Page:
Before I sit down I should like to say something about the general principles. I am sorry that it falls to me to have to go into these. Until yesterday I did not realise that the task I had undertaken would be anything more than a formal one. However, I think it is right for me to read to your Lordships one paragraph from Halsbury's Laws of England and one from Erskine May which to my mind have a direct and definite bearing on today. Paragraph 784 of Halsbury's Laws of England says this: Effect of second reading of private bill. In neither House is it possible to state (as may be said of a public bill) that the principle of a private bill is unconditionally affirmed by the House on second reading. The House agrees to the second reading of the bill on the understanding that the reasons for passing it into law are explained to the satisfaction of the committee which is appointed to inquire into its merits. The other quotation I wish to make is from Erskine May: It is unusual for the second reading of a private bill to be debated in the Lords. Where a debate does take place, however, the House has in recent years invariably upheld the principle that the decision of the committee on the bill should not be prejudiced by discussion on second reading, unless the House has come to the opinion that, whatever the local circumstances may be, the powers conferred by the bill should not be allowed to the promoter. There is, further, some reason to suppose that the House has regarded as a legitimate subject for debate on second reading the introduction of a totally new principle in private legislation. As I have already shown, quite clearly, there is no new principle involved in this Bill. In fact, it is a principle which has been upheld by a number of Committees and a number of Acts, which I have already mentioned.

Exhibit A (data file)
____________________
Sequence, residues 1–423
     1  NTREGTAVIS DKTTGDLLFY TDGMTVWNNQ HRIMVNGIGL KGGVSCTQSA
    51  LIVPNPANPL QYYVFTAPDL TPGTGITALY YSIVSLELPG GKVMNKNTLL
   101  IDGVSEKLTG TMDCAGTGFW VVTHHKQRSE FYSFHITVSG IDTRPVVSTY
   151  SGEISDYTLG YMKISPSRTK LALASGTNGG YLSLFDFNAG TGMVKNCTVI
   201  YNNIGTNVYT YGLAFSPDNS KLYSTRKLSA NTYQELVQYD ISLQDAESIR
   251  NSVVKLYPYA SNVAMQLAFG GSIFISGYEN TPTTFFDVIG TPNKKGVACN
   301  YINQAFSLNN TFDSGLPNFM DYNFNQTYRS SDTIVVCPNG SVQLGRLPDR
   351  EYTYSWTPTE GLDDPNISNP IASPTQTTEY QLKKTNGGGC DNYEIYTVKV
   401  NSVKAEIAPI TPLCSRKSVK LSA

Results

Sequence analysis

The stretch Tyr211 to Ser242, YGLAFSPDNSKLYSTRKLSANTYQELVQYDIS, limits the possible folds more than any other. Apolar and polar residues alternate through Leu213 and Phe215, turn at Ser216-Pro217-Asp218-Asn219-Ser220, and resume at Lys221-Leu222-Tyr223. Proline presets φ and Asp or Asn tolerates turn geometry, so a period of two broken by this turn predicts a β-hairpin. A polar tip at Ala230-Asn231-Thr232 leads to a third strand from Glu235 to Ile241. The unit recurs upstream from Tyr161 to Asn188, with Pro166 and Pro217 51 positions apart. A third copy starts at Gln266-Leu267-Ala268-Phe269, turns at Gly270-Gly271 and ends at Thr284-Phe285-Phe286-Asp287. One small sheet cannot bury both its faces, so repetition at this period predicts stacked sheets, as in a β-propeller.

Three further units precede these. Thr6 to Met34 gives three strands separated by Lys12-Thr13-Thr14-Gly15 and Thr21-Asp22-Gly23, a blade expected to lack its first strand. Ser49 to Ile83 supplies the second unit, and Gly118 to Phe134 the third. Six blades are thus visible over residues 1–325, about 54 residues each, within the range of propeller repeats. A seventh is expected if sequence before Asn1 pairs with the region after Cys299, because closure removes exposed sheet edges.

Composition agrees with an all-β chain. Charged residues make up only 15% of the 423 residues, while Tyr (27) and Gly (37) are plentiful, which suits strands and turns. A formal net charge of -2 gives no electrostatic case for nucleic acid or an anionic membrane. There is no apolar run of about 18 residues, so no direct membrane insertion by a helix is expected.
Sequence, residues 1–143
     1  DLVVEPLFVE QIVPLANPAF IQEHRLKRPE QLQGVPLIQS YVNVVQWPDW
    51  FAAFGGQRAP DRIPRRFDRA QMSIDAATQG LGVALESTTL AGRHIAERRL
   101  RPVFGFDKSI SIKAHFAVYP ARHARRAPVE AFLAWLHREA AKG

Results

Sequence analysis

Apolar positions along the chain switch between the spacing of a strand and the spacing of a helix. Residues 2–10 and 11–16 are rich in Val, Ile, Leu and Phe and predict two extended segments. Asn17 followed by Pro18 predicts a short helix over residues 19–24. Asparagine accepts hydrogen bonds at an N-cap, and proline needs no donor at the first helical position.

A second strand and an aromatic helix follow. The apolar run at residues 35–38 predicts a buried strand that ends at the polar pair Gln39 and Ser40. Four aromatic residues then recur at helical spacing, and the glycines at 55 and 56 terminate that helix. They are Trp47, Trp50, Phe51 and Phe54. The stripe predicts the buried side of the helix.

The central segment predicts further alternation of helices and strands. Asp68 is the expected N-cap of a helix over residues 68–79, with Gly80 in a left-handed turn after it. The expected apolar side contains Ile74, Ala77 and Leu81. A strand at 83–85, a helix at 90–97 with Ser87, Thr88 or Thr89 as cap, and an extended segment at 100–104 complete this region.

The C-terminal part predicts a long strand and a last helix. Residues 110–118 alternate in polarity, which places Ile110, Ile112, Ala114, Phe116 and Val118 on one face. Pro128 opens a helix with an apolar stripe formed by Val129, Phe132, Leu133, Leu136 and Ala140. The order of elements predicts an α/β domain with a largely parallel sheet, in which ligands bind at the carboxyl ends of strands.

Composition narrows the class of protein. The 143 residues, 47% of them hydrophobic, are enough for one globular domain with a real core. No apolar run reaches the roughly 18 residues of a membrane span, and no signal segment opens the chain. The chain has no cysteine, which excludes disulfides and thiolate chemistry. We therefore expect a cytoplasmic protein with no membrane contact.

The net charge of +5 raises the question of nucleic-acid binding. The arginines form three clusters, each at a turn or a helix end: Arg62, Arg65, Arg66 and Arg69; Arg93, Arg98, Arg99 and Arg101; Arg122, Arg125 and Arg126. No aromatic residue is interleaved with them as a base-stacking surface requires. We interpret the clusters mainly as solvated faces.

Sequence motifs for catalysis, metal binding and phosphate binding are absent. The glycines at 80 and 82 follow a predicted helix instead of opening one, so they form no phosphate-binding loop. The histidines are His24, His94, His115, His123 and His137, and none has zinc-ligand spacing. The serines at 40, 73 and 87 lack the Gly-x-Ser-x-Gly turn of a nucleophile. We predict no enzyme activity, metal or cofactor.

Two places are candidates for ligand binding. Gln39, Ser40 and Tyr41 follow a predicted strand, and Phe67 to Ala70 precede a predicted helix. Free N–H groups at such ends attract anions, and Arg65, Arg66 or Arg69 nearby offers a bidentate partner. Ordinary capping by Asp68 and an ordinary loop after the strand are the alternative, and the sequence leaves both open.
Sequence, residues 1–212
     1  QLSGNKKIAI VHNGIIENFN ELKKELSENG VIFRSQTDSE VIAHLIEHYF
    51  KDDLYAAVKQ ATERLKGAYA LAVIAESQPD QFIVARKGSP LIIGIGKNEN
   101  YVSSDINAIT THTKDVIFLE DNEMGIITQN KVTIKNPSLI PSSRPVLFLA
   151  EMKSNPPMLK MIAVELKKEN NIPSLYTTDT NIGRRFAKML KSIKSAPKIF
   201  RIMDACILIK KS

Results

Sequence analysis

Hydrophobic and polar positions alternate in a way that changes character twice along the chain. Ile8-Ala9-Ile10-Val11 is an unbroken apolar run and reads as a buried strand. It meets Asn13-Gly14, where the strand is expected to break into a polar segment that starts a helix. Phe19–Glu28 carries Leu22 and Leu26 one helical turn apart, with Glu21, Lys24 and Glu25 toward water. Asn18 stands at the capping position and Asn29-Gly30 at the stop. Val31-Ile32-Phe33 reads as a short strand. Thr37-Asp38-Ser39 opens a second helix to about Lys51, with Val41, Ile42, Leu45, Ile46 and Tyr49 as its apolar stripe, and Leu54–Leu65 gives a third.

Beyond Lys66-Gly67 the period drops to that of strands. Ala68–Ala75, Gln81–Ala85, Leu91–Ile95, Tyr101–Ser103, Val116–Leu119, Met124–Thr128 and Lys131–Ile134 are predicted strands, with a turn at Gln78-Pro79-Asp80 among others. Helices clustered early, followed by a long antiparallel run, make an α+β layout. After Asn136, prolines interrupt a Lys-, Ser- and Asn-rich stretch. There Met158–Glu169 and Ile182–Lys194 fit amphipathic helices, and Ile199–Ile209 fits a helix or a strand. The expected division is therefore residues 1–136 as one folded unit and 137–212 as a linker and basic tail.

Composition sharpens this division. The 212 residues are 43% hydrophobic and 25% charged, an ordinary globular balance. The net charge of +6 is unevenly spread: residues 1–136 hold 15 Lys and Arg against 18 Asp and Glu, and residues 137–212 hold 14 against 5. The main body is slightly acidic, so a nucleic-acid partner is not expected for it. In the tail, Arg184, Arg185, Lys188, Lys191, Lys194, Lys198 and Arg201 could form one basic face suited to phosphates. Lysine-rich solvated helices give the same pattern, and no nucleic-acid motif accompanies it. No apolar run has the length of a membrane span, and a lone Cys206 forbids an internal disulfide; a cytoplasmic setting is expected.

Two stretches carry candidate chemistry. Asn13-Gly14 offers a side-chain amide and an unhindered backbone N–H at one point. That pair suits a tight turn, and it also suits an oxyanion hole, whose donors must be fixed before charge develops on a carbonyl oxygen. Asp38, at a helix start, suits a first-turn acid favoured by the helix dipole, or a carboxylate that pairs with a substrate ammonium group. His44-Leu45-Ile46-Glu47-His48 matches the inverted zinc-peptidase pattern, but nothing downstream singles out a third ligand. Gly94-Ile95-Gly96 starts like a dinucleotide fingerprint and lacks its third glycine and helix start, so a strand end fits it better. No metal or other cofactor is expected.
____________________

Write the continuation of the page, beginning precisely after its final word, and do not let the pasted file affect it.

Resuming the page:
I believe that there are no grounds whatsoever—and I hope your Lordships will agree with me in this respect—for refusing this Bill a Second Reading. In conclusion, I would remind your Lordships that there will be another opportunity on Third Reading if any noble Lord wishes to debate the matter further, after the Bill has returned from the Private Bill Committee. I beg to move.